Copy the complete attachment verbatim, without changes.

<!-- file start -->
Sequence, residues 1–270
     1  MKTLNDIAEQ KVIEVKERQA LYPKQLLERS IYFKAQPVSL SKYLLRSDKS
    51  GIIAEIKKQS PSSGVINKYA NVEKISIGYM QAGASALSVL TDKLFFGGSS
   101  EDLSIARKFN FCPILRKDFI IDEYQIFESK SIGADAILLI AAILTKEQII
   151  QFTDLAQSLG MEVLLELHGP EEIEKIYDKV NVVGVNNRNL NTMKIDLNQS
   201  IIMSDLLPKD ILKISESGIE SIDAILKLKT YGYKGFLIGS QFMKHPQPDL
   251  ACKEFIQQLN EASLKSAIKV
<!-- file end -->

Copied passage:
Sequence, residues 1–270
     1  MKTLNDIAEQ KVIEVKERQA LYPKQLLERS IYFKAQPVSL SKYLLRSDKS
    51  GIIAEIKKQS PSSGVINKYA NVEKISIGYM QAGASALSVL TDKLFFGGSS
   101  EDLSIARKFN FCPILRKDFI IDEYQIFESK SIGADAILLI AAILTKEQII
   151  QFTDLAQSLG MEVLLELHGP EEIEKIYDKV NVVGVNNRNL NTMKIDLNQS
   201  IIMSDLLPKD ILKISESGIE SIDAILKLKT YGYKGFLIGS QFMKHPQPDL
   251  ACKEFIQQLN EASLKSAIKV